At Rico in Sun Valley, California, we have a team of 5 engineers who design and build reed making machinery. Since the 2004 acquisition of Rico, we have essentially duplicated the innovation and engineering model we created at D’Addario, but in a very, very short time (7 years). Our work is not finished, but the science of growing and harvesting cane, cutting poles, sorting tubes, splitting, blanking and machining reeds has seen more innovation in 7 years than in the last 100 at Rico and all of our competitors combined. By 2014, we will have reinvented every aspect of reed making and we will then cycle back through each process with continuous improvement in mind.

After the AutoCAD awakening in 1982, I was still actively designing and assembling machinery. Slowly, as we grew and my staff grew along with me, I did not have the time to be as hands on; I have now evolved into creating the vision for the projects with our engineering teams and then helping them realize that vision. Many times, it will start with me sketching ideas in ACAD and kindling the idea with our team. On other occasions, our engineers will conceive and complete the entire project on their own. It is a far cry from the days when I would be assembling machines all day, in between taking calls, designing marketing campaigns and doing artist relations work. In those days, I had a shop in my basement where I wired all the control panels after dinner at night. I would take all of the components home and assemble and wire them so I could do the work without interruption.

There were times when we assembled 20 winding machines at one time. We usually built Kaplamatics in lots of 4 or 6. The last lot of Kaplamatics was built in 1995 to 1997 when we moved into our present headquarters. Guitar winding machines have had many, many more iterations, so many that I have lost count. Our team also does elaborate rebuilds of existing machinery. We just finished a huge rebuild of guitar winding machines that I assembled 30 years ago. After rebuilding, they are essentially as good as a machine we would design today.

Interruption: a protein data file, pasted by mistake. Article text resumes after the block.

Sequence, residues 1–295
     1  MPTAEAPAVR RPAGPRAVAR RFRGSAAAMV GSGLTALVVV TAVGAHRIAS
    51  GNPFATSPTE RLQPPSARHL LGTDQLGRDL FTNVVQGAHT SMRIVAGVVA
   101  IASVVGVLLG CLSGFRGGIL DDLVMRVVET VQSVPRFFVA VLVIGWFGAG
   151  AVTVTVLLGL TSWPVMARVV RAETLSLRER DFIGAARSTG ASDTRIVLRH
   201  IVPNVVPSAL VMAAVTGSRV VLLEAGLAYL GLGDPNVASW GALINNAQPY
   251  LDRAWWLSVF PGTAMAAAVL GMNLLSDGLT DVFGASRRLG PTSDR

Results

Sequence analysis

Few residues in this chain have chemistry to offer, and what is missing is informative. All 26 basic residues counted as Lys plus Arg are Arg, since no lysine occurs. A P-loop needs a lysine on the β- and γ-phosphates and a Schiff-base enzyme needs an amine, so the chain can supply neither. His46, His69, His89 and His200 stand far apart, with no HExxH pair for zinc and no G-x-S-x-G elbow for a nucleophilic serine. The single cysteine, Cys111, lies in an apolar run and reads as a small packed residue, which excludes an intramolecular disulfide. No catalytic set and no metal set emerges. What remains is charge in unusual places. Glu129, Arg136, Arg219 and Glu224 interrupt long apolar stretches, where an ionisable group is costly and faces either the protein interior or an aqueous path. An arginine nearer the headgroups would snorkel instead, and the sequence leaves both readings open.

The budgets for 2011 and 2012 have the largest capital expenditure budgets in our history. In New York, we are building 13 double winders, 6 Kaplamatic VIIs, many molds for Evans, 4 ball coiling machines, to mention just a couple of the main projects. Rico is designing a completely digital reed vamp cutting technology that will replace the original Rico vamping machinery and the French/Franke type machinery that is used at Rico and Vandoren today. We will essentially be able to digitally change the model and cut of a reed on the fly. The quality, precision and consistency of this new technology will be unparalleled. The first prototype is being assembled right now.

Rico is also in the process of fully automating the cane pole processing from field to finished product. We have already installed 4 automatic pole cutting machines at our French plantation location, Hyeres, and now automated splitting sawing and sorting machinery is being developed.

At Pro-Mark, in just 9 months, we have installed 6 new centerless grinding machines and water filtration equipment. This was over a $1 million investment in Pro-Mark's infrastructure. The first, new 5A PM sticks off this process are already in production. The improvement in quality from this move will be ground breaking for Pro-Mark.

While it is essential to design 90+%of our machinery in-house because of its specialized nature, we do integrate stock, available machinery where possible. A perfect example is the new Planet Waves – American Stage cable line we are ramping up in production right now. A combination of stock wire feeding, stripping and coiling machinery, along with custom designed robotic soldering equipment, have created a production work cell that will enable us to market an American-made cable competitively against imported products.

Our philosophy of continuously investing in our companies will never change. It is a formula that has been our success and we will continue to nurture the culture of innovation and continuous improvement in all our factories.

Tuesday, September 20, 2011

Support Your Local Violin Shop!

I was at The Long Island Violin Shop, my local shop, to attend one of their many informative seminars and noticed that the violins played by the children during the seminar sounded very good. This was no accident. The shop owner is violin maker Charles Rufino, who learned his trade at several great violin shops.